We started the week with the scorching heat and energy-sapping humidity of summer and by the weekend the weather had turned to the dry, cool climate of winter. Not only has the weather changed and the southeasterly trade winds have made a grand entrance, but also certain species have followed suit with the signs that winter has well and truly set in.
Within the estuaries the barra have now taken up residence into newly relocated snags and have been easily found on both live and dead baits. With the water clarity slowly clearing up, it has ideally favoured those trolling deep diving lures with brightly decorated colours.
Areas such as the Haughton River, Morrisseys River and even the casino rock wall have rarely failed to produce quality fish trolling close to structure. Other popular locations such as Cape Cleveland and Maggie Island will also become ideal habitats for barra as the water slowly regains its salinity, and should co-operate with live fish baits even when the water cools.
If a mangrove jack burger is more up your alley, then this is the best time to target this aggressive species. Although live bait will find a hungry jack, a few old timers that I have spoken to, still swear by half a pilchard or mullet fillet on a lightly weighted rig.
For the hunters out there, there couldn’t be a more brutal fish to tackle on a lure than the mangrove jack. Small hardbodied lures work fine although soft plastics generally prove more successful at the end of the day. Once again rig these as light as possible for the best outcome.
Further offshore the wrecks and shoals have been at full tilt now for the past two months proving the best year of fishing yet for many years. Small wrecks and lone rocks around Maggie Island and Cape Cleveland have been responsible for monster fingermark both day and night on live squid and with lures. Live squid and herring are a simple bait and rarely fail to produce quality golden snapper.
Day sessions have seen the same fish surface to the boat but only with help of a 7” Gulp jerk shad married perfectly with a strong jighead. Remember the lighter you can fish a plastic the better the presentation therefore producing more fish.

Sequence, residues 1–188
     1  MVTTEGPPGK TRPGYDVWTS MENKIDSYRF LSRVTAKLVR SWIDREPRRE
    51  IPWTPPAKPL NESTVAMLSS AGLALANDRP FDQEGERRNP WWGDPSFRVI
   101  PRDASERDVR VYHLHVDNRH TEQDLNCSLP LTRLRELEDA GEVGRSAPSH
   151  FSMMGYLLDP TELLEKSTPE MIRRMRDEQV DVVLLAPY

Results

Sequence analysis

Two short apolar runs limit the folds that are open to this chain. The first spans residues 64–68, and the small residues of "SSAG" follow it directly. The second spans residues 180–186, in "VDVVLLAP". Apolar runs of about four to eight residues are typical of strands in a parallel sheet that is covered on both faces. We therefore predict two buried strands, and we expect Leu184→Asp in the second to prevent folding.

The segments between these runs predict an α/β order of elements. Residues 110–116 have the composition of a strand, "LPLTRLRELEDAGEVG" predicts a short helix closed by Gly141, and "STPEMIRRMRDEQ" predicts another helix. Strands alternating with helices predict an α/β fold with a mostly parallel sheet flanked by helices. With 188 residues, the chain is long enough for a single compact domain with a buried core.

As for colours, fluoros generally work a treat for fingermark but it pays to carry a whole arsenal of lures as what works one day may not work the next.
Also if the water column allows try trolling crazy deeps over this structure, as it has been a very popular method of extracting big fingermark over the years.
With the shoals continuing to show off the spectacular reds on offer this time of year, there’s only more promise of what the cooler weather will bring us. Large-mouth nannygai and red emperor have already been found in good numbers on the shoals and winter generally draws big fish into the shallower water. So the fishing should only improve over the coming month.
Mackerel reports have finally become more than just a consistent rumour with fish around 6-8kg now found in good numbers off Cape Cleveland and Maggie Shoals. I have heard word that the bigger Spanish mackerel have wreaked havoc over the Bowen region in recent weeks, which should mean these fish won’t be too far away from our shores.
The reefs have been nothing short of amazing with record hauls of coral trout caught during the day and still some of the best red fishing going on by night. Isolated shoals and lumps found in ‘no man’s land’ have been electric with big red emperor now almost a guaranteed catch, along with large-mouth nannygai.
There has also been a surge in number of big reef jacks caught in these areas as well, and you don’t have to go far to experience it. Areas around Keeper Reef and Lodestone Reef have been responsible for mind blowing red fishing, while popular daytime grounds such as the Slashers group and Grub Reef have been a safe zone for good numbers of coral trout.
This month should continue to produce the superb reef fishing we are having at the moment. With the mackerel season just around the corner, it will probably be in your best interest to work on your stocks of wolf herring before they actually arrive.Reads: 1868